Australian ambassador explores Philippines relationship 


The relationship between the Philippines and Australia is not well understood, says Tony Hely, the Australian ambassador to the Philippines.

Media coverage of the country tended to be negative, concentrating on terrorist explosions, political instability and natural disasters, he told a meeting of the United Nations Association at Charles Darwin University on yesterday (17 Oct).

“The Philippines suffers from the CNN factor,” he said. “But there is a more benign and calm side to living in the country.”

Mr Hely outlined Australian relations with the Philippines since the first consulate office was set up in Manila 60 years ago.

The live cattle trade to the Philippines was once the most important element of relations, but that was now less important.

Relations now centred on university student exchange and the training of the Philippines defence forces in Australia.

“We are a major defence trainer and are helping to modernise their forces, as well as helping build up maritime security,” he said.

Mr Hely said the Philippines tended to be regarded as the great development puzzle of South East Asia since the 1960s.

“Over the past 30 years there has been a perception that the Philippines has under-performed,” he said. “The feeling is that the country has not moved forward, but it is in Australia’s interest to help support a strong, prosperous and democratic society.”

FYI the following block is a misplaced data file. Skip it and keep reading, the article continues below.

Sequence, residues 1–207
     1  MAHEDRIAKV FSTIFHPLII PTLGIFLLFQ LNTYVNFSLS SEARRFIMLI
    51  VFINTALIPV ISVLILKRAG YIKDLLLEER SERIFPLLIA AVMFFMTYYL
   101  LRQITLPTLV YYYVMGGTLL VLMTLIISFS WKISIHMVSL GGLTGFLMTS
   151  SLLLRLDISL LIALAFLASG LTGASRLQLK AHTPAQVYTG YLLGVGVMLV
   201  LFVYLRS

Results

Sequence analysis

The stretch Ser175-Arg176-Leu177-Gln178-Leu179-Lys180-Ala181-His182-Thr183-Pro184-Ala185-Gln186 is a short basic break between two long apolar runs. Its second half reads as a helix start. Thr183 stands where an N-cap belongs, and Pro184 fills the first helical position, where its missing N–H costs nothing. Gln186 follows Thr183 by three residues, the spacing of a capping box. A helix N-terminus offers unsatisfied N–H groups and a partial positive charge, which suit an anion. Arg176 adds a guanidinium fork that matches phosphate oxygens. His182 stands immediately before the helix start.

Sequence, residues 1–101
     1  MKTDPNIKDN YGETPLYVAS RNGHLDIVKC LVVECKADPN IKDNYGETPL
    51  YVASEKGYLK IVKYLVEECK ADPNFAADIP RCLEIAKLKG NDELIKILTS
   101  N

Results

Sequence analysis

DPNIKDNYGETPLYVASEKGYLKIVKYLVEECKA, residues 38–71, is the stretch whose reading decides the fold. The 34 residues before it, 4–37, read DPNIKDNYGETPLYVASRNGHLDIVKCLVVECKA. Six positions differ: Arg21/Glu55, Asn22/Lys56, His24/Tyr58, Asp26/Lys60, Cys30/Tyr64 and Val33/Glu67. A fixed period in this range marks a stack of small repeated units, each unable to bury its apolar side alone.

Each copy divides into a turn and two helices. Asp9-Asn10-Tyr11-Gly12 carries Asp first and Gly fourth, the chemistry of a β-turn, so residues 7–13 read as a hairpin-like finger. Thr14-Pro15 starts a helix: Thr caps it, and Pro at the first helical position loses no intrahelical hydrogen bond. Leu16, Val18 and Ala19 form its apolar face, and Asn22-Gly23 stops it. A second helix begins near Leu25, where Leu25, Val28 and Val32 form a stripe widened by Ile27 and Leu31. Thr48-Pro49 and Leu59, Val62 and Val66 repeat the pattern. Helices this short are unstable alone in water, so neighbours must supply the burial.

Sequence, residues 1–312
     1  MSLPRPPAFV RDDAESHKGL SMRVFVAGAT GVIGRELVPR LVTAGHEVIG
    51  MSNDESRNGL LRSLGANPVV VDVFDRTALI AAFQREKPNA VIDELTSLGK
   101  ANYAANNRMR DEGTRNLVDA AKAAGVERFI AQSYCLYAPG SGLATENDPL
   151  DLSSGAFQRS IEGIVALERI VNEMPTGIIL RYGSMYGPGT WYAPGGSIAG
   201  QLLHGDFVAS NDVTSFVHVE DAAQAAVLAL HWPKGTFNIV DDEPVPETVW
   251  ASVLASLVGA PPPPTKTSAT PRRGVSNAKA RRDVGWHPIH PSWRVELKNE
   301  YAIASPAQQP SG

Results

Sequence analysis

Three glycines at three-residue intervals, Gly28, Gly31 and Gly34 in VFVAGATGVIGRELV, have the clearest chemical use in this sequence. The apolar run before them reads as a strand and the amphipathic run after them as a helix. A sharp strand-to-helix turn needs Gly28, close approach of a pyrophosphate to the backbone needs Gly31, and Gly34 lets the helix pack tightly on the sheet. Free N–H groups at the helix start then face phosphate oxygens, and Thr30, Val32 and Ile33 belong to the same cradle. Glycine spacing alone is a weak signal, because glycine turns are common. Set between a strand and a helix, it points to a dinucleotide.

The economy was now improving after government efforts to address the national deficit and create the conditions for investment in infrastructure.

One of the problems that had held the country back was the insurgencies in the south led by the Maoist revolutionaries. However, the numbers of the leftists had dwindled, and they were more of a nuisance in regional areas rather than a national problem.

Radical Muslims were a more potent threat to security, however, and the Philippines government, like governments elsewhere, were spending a lot of money on counter-terrorism measures.

“The Muslim radicals are not really part of the global jihad movement, they’re fighting for local territory and are more a home-grown version of the problem,” Mr Hely said. “At the same time, they are not going to go away easily.”

Mr Hely said there was enormous potential for Australia to provide education opportunities to Filipinos. There were already educational aid programs that gave children access to maths and science in schools, and while spending was up, more could be done help improve educational standards.

He said the Philippines’ government estimated it will need an additional 229,000 classrooms over the next few years to bring the teacher-student ratio down to 1:30.

On the issue of stable government, Mr Hely said President Arroyo seemed in trouble 18 months ago but had now made a comeback.

“I feel the president will see out her term to 2010 but it won’t be a reformist government; it will be focused on survival.”